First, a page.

Review: Chemical Bonds by L.M. Somerton

chemical bondsRating: 4 stars
Buy Link:
Amazon | All Romance | Amazon UK
Length: Novel


It’s just Max Allenby’s luck that it’s pouring rain and his bike tire got a puncture he had to fix, so he’s late for work. His boss is going to be miserable, worse than she usually is, and Max is desperate to get into his lab as quickly as possible. But in his attempt to save time, he runs into the bumper of a car — the car carrying the CEO of the company, Blake Winters. Max is mortified, but Blake helps him up and cleans his scrapes. Max has had a crush on the boss since he started working there two years before, and makes his escape as soon as he can. He doesn’t want Blake to see how much he wants him. But what he doesn’t know is that Blake has an interest in him too.

Blake noticed Max the moment he started working there, but he’s been biding his time, unsure if the man is interested in him. Blake is a lifestyle Dom, and he craves a certain kind of partner. He thinks Max is exactly what he’s looking for, but he doesn’t want to push too fast. When opportunity presents itself, Blake proposes an experiment: Max gives Blake three hours for five nights of his total submission. Max, ever the scientist, agrees to the experiment.

Max has long been interested in submission, but he’s never acted on it. He doesn’t have much experience period, always too busy with school and then his job. With Blake he finds exactly what he desires, though he questions his desires more than once. But the connection between them is strong, and if only they can both let themselves be what the other needs, they can find something real and lasting between them.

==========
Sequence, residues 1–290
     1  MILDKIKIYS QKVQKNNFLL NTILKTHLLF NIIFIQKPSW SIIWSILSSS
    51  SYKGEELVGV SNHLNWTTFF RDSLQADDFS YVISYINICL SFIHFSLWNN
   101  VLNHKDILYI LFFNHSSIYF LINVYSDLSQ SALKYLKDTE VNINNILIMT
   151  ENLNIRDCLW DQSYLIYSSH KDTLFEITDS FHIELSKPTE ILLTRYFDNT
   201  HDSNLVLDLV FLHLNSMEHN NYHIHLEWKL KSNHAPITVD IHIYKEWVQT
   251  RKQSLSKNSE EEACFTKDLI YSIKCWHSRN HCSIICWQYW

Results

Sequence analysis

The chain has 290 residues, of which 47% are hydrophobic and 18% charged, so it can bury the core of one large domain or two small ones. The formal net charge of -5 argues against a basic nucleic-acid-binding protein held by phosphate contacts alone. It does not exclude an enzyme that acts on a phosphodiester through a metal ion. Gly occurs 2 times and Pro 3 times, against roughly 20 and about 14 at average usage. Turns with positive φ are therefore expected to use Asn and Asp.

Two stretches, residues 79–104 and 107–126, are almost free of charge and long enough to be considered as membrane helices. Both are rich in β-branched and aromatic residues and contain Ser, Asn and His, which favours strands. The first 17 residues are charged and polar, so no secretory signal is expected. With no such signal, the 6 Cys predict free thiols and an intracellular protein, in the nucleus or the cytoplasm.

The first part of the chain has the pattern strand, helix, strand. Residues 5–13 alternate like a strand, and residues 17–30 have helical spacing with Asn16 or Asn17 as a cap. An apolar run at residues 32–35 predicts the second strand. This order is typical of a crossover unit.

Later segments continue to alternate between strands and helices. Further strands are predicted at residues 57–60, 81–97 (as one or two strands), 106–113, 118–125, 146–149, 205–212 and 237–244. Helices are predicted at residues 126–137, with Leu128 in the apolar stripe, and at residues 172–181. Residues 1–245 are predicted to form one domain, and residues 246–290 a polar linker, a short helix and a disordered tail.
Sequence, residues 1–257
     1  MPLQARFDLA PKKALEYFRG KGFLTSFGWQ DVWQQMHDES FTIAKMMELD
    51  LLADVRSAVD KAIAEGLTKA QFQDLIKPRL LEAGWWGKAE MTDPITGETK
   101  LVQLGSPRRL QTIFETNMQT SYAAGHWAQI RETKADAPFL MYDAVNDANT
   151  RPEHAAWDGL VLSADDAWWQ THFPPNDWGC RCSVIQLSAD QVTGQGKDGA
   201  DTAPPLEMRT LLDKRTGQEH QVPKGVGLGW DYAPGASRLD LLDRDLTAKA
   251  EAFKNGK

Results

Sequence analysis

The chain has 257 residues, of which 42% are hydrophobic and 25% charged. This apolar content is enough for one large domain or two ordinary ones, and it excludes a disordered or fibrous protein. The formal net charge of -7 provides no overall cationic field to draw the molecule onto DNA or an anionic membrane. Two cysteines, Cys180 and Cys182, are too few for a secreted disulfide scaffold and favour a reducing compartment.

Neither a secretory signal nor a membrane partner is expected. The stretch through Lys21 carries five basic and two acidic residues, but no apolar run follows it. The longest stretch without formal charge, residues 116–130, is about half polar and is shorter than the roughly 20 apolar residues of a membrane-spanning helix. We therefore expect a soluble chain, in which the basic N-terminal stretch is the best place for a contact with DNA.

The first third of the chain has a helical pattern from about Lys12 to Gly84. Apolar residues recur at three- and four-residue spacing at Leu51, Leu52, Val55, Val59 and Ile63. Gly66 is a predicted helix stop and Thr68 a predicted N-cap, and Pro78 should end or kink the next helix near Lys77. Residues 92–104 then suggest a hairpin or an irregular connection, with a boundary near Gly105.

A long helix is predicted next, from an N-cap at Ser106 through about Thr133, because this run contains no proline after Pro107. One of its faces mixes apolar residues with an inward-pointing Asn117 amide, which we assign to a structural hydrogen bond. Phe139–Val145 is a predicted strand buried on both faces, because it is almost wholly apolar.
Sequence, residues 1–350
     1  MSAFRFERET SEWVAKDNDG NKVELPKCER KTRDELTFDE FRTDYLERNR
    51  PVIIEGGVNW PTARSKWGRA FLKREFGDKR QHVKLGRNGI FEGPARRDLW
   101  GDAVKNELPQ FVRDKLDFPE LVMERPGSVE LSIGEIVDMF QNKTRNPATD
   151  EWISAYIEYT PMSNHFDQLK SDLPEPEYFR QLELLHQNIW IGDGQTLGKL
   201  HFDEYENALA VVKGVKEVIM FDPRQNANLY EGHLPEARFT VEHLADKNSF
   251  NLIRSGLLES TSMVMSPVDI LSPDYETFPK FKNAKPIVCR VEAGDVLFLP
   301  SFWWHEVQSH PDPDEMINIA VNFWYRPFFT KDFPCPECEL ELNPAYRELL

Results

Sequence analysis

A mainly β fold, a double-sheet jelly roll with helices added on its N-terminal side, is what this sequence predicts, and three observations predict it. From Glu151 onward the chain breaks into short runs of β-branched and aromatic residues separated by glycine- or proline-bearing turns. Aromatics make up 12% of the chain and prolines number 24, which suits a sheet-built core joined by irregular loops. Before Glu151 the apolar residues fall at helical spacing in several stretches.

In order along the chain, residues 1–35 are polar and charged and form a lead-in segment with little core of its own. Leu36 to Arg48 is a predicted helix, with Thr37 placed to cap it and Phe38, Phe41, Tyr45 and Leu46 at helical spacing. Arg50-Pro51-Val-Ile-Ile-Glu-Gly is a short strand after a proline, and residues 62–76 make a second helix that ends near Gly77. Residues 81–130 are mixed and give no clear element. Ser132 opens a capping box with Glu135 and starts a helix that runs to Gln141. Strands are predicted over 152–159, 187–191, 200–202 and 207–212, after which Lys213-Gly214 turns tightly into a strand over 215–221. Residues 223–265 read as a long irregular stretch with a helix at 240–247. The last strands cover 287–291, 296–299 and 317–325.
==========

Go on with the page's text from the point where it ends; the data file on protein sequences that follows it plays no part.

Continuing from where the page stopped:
I really liked this fairly low angst tale of a young man finding himself and his submission. While there were a few spots that were a little off the mark for me, overall, I enjoyed the story. Somerton has given two characters who really captured my interest and kept me engaged and wanting to know their story. While the plot is not without its small issues, this book is an enjoyable read.

Max is an endearing guy, a little absent minded professor, and he was a perfect character to start this book off. Immediately I liked him and saw his potential. He’s sweet, but he also has a backbone underneath. I liked that the author managed to balance him so well. There were areas of his life where he was insecure, others where he was confident, and that worked so well for his characterization. I liked how he felt like a natural sub, and that his education to BDSM felt well paced and real. This was one of the aspects that I was looking forward to seeing, how the author dealt with a man who knew of the lifestyle and wanted to submit, but had no experience with it at all. I thought his initial internal conflict was well done and felt believable.

Blake, on the other hand, was dominant to a T. He’s the quintessential alpha male. He’s not only confident, he is in control. Always. He’s also a thirty-year-old multimillionaire with a flourishing company he built from the ground up in nine years, so I had to jump into the fantasy of that and just accept it as is. I have to admit that Blake is the kind of character that often appeals to me. He knows what he wants, he goes after it, and he doesn’t back down. While I liked him, and I especially liked the balance he had between dominance and caretaking when it came to Max, I found him a little two dimensional at times. I wanted to see more from him. More emotion or more growth, something. He was great on the surface, but there were scenes where I felt he lacked a little depth.